Supporting Teens Bundle (14 CE)
1. Teen Dating Violence and Abuse: According to statistics, one in three teenagers have experienced violence in a dating relationship. The number of teens who experience verbal, emotional and even sexual abuse in dating relationships is even greater. Dating violence impacts all economic, racial, cultural, religious and social groups. As teenagers inherently have far less power and psychological influence in society than adults, they face an even higher risk of serious injury. Many teens misperceive abusive acts as signs of “love,” which significantly impacts their ability to ask for help. This course will discuss assessment techniques for teen dating abuse and address pertinent treatment issues for the victimized teen, including prevention skills for dating violence. Attention will also be given to the Lesbian, Bisexual, Gay and Transgender teen population as related to sociological issues that affect teen dating violence. Treatment dynamics involving parents whose teenager is in a violent relationship will also be addressed.
Author: Patricia Patton-Lehn, Ph.D.
Target Audience: Introductory and Intermediate; LMFTs, Social Workers, LPCCs, Nurses, Substance Abuse Counselors, and other mental health clinicians.
Upon completion of this course, participants will be able to:
- Identify and assess for signs of teen dating violence and other forms of abuse.
- Understand the specific sociological and treatment issues associated with dating violence in the Lesbian, Bisexual, Gay and Transgender (LBGT) teen population.
- Learn to work more effectively with issues of teen dating violence and victimization, including prevention skills for relationship abuse.
- Address parents’ concerns about teens being in a violent or abusive relationship.
- - - -
2. Substance Misuse Prevention for Young Adults: According to the 2018 National Survey on Drug Use and Health, over a third of young adults aged 18-25 engaged in binge drinking in the last month, and slightly over 38% used illicit drugs within the last year. When compared to other age groups, young adults have some of the highest levels of alcohol and substance misuse. This course uses a social-ecological perspective to illustrate the variety of developmental and contextual factors that place a young adult at risk for substance misuse. Identifying risk factors, as well as examining factors that prevent misuse, serves as the foundation for the development of evidence-based prevention practices and programs. The Substance Abuse and Mental Health Services Administration (SAMHSA)’s evidence-based prevention practices reviewed in this course targets universal, selected, and indicated populations at risk for substance misuse or substance use disorder.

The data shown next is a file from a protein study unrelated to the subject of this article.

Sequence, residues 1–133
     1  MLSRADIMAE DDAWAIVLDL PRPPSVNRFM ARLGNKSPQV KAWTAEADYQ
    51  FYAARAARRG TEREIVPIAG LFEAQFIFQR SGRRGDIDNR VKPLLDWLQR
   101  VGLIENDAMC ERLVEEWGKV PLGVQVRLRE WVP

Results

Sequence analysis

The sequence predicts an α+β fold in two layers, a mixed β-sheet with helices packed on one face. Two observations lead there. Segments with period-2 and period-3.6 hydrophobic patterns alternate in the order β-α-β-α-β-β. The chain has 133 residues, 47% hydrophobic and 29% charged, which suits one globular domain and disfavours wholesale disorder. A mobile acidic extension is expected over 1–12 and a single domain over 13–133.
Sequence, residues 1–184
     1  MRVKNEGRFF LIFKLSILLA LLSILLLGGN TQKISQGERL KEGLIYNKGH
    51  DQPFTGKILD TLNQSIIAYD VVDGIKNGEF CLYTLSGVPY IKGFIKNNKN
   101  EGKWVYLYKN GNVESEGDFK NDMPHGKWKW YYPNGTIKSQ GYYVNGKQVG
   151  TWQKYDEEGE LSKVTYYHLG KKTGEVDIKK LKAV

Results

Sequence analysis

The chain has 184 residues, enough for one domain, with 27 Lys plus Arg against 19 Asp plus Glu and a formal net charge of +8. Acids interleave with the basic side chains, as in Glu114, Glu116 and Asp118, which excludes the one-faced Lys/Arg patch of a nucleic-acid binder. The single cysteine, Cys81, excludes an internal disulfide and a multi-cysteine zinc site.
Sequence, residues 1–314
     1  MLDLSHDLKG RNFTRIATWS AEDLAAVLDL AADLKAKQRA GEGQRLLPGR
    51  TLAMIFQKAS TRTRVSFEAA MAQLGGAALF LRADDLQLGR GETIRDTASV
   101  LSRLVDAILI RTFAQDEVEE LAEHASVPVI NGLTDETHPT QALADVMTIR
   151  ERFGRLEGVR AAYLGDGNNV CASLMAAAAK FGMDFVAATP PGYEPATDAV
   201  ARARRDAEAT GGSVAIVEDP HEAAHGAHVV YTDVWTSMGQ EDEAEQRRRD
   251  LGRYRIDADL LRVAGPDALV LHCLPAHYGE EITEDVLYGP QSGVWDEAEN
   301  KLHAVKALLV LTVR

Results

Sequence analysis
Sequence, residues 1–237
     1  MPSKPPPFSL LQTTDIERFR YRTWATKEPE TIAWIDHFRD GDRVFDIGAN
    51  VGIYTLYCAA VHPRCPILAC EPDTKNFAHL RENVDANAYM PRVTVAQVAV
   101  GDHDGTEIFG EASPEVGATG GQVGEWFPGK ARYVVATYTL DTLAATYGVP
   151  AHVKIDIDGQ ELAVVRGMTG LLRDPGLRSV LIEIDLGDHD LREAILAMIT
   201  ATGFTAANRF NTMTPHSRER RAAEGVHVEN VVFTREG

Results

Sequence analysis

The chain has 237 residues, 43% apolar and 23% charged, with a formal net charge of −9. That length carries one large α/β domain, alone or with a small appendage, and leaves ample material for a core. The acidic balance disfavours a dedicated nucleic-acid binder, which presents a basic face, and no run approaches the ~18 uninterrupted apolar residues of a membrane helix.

- Describe the prevalence, patterns, and trends of substance misuse among young adults.
- List the developmental and contextual factors that place young adults at risk for substance misuse.
- Identify protective factors that serve to mitigate substance misuse for young adults.
- Recognize vulnerable population groups at risk for substance misuse, as well as those at risk for developing Substance Use Disorder.
- Differentiate between evidence-based programs implemented in childhood and adolescence and those designed for young adults.
- Discuss how the steps of the Strategic Prevention Framework can be used as a guide for the implementation of evidence-based programs and practices.
- - - -
3. Key Findings on Adolescent Drug Use: Monitoring the Future (MTF) is a study that is conducted annually in the US. The primary purpose of this study is to examine middle and high-school students’ beliefs pertaining to, and their related use of, specific substances. Researchers utilize the information that is derived from this study as a means of identifying emerging substance use trends. This study is primarily conducted for governmental use as the related data analysis is utilized to shape national policy. Additionally, related intervention strategies may also be developed contingent on trend analysis.
- Summarize the key findings of the MTF study regarding the use of various substances by 8th, 10th, and 12th graders across the United States
- Understand study findings for identification and tracking purposes pertaining to emerging substance use
- Understand the researchers’ findings respective of substance availability, attitudes, and beliefs
- Examine how differing criteria can serve as change indicators respective of the aforementioned factors
- Understand the dynamic evolution of recreational drug use
- Understand the negative consequences of drug use, and the related development of prevention strategies
- Describe important demographic subgroup variations that are existent when analyzing substance use among middle and high-school students
- Understand how study-specific findings inform and guide national policy formation
- Understand how the related data is applied for intervention strategy development and other treatment efforts
Course By: Helen Hinton, LPCC
Content By: Johnston, L. D., Miech, R. A., O’Malley, P. M., Bachman, J. G., Schulenberg, J. E., & Patrick, M. E. (2020). Monitoring the Future national survey results on drug use 1975-2019: Overview, key findings on adolescent drug use. Ann Arbor: Institute for Social Research, University of Michigan.
|Board Approvals||American Psychological Association (APA), Association of Social Work Boards (ASWB), NBCC, Florida Board - Social Work, MFT, Counseling, and Psychology, NYSED - Social Work, MFT and Counseling Only, American Academy of Health Care Providers in the Addictive Disorders|
|CE Format||Online, Text-Based|